Long before we get to Pharaoh's court and Moses stages his contest of the signs with Pharaoh's scribes, we learn the mysteries of circumcision by cutting its etymology.
Moses sets out on his journey back to Egypt from the land of the Midianites. His son falls ill with a mysterious sickness. His wife, Zipporah, suddenly reaches for a knife and circumcises Moses and his son on the spot. What an act of violence! The sudden affliction is lifted.
In Hebrew, circumcision is itself a pun on language: brit milah means the blessing of words, as if circumcision and circumscription meant the same thing. As if. So Moses later puns when he tries to evade his responsibility to lead the Hebrews out of slavery: "I am of uncircumcised lips," he demurs to G-d. And in Hebrew, the word for language is "lips" (safa), not "tongue" (lashon). "I am of unworded language," protests Moses. I am illiterate.
G-d loses His patience. He shows Moses the signs (the word used in the Torah is ). And He tells him, "If they shall not hearken to the voice of the first sign, then they shall heed the voice of the last sign."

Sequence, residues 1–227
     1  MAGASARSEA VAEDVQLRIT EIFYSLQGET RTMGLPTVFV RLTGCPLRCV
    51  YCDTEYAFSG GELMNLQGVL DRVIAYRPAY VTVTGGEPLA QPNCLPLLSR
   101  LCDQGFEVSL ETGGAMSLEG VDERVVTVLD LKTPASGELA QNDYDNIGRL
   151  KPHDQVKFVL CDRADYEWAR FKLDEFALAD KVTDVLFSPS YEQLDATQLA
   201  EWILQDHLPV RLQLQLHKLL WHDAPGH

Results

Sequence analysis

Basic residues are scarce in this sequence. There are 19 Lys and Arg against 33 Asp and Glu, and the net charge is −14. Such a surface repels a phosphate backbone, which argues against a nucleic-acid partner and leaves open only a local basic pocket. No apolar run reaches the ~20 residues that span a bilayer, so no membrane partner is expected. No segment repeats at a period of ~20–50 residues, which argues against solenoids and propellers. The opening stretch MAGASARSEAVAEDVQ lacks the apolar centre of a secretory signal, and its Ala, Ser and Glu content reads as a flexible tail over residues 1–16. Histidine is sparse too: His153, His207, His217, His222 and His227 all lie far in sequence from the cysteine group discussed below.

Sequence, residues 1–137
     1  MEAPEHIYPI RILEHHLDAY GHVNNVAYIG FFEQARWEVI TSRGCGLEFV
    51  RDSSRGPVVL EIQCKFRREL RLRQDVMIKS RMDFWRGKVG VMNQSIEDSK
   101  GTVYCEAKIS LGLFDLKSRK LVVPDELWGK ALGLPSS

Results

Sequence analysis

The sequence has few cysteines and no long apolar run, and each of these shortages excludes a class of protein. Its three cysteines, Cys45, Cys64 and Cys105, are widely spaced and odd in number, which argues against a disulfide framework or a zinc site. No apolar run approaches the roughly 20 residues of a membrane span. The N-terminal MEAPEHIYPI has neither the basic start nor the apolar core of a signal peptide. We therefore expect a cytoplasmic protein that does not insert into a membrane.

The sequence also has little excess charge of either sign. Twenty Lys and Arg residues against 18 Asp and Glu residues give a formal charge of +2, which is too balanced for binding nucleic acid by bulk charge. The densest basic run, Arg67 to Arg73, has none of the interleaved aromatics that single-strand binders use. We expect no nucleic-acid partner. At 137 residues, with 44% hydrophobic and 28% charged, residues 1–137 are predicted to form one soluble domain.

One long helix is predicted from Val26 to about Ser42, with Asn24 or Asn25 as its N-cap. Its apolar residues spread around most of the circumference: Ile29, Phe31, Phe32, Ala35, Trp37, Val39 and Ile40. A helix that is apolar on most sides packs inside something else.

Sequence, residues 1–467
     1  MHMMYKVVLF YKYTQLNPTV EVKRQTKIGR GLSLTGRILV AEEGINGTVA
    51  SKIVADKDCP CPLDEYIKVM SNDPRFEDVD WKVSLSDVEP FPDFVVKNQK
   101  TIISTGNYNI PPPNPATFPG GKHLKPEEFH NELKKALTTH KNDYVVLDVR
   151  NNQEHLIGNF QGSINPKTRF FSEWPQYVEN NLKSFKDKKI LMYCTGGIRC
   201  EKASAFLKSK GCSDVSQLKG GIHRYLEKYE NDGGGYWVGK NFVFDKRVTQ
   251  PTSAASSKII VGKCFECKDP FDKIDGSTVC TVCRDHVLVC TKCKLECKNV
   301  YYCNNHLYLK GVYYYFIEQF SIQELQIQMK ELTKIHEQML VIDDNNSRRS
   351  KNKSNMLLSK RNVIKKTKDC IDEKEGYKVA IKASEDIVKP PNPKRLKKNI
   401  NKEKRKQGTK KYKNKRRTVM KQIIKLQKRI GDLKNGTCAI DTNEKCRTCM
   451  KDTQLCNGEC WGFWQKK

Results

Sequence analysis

The first sign, of course, is aleph; the last sign, tav.
Language in Hebrew is therefore the covenanted cut, or if you wish to see it as it persists in memory, the circumscar, the single cut denoting the multiple cuts:
Circumcision of the word by the incision of the nothing in the circumcised heart of the other, that's you ... in German, in all the Jewish languages of the world.
- Jacques Derrida, Shibboleth
Another meaning of is the feminine"you."
In all, the scene is a strange etymological rehearsal for the final plague, the last dalet-bet-resh, the slaying of the first-born.